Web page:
Three Pies in One – Cheesecake Pumpkin Pecan Pie & The Giveaway Winner!November 15, 2011 at 5:15 pm | Posted in Dessert, Giveaway, Pies/Tarts, Puddings, Vegetables, Vegetarian | 107 Comments
Tags: Cheesecake, Communal Table, cream cheese, Cyber Monday, Cyber Monday Deals, Food Network Virtual Thanksgiving, Pecan Pie, Pecans, pie, Pumpkin, Pumpkin Pecan Cheesecake Pie, Pumpkin Pie, Thanksgiving
Whenever I think of Thanksgiving, I think of pie. Bulging golden apple pie, deep orange, custardy pumpkin pie, gooey sweet, toasty pecan pie, luscious, rich…well, you get the picture. Don’t get me wrong, visions of stuffing and candied sweet potatoes dance through my head too, but for some reason, since I started food blogging – PIE is the Footloose Kevin Bacon doing the handsprings on the dance floor of my cerebral cortex.
Pumpkin pie has always been a favorite of mine, a pie I crave when the weather starts to cool and the leaves start falling. The reason it became a favorite might have been because it was the bad boy pie, the elusive pie, the pie I wasn’t allowed to date or hang out with because my parents didn’t approve.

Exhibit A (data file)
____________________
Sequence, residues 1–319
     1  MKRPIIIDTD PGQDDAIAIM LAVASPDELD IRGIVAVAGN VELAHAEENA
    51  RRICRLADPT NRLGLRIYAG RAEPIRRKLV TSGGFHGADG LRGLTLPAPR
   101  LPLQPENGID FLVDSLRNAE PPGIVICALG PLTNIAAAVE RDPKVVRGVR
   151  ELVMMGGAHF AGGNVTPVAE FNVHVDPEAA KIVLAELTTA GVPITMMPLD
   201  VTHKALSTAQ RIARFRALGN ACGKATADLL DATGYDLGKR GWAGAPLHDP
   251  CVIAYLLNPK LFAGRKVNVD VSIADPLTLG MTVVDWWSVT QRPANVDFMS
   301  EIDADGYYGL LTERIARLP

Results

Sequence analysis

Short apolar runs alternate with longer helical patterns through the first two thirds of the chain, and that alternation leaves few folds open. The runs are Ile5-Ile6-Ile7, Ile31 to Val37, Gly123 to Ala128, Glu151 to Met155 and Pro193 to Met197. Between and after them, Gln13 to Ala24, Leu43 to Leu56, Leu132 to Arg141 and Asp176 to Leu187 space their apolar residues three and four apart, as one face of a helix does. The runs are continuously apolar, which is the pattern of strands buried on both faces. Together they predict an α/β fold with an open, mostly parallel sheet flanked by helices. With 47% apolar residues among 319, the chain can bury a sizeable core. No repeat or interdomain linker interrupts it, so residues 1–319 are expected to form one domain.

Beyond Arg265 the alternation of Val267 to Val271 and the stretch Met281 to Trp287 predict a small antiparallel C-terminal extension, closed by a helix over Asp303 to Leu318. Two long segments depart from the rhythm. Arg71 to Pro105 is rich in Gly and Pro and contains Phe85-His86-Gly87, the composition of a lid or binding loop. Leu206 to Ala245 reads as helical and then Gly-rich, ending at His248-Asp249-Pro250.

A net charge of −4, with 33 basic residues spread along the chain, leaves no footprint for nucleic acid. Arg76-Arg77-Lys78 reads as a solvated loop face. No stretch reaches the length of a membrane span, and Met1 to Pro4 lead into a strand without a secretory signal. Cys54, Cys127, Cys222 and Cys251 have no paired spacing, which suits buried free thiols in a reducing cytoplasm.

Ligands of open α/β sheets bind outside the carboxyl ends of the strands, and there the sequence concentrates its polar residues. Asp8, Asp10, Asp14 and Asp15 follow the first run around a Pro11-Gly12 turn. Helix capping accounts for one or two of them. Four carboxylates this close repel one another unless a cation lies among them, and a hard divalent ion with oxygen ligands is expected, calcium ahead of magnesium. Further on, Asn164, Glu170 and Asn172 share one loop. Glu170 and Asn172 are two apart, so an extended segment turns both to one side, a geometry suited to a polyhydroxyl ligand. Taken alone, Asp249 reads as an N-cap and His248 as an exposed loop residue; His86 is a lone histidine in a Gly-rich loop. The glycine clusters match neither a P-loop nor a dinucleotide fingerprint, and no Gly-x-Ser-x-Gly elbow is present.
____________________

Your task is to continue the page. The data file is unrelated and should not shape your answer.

My family hated pumpkin pie.
As a child and young teen, how I craved a taste of those smooth, burnt orange, shiny surfaced pies, beckoning me with a whiff of pumpkinny goodness every time I saw one, whether it be at the supermarket, when I tried to sneak one into my Mother’s shopping cart, or the Fall bake sale at school, where I was only given enough money to buy some chocolate chip cookies.
I’ll never forget the day I got to finally sink my teeth into the creamy, spiced custard in a buttery, flaky crust, that is pumpkin pie. I was about 15, and the Fall bake sale at my HS was in full bloom, packed with kids and teachers vying for that last rice krispie treat, almost stampeding over each other to grab a bunch of the ‘good’chocolate chip cookies that one Mom was known for (I always felt sorry for the other chocolate chip cookie Mom’s, who’s plates of cookies remained untouched). I took baby steps toward a pumpkin pie, cut into slices, at the edge of the table. I couldn’t just steal a slice…I needed to do this in a somewhat civilized manner, as in errr…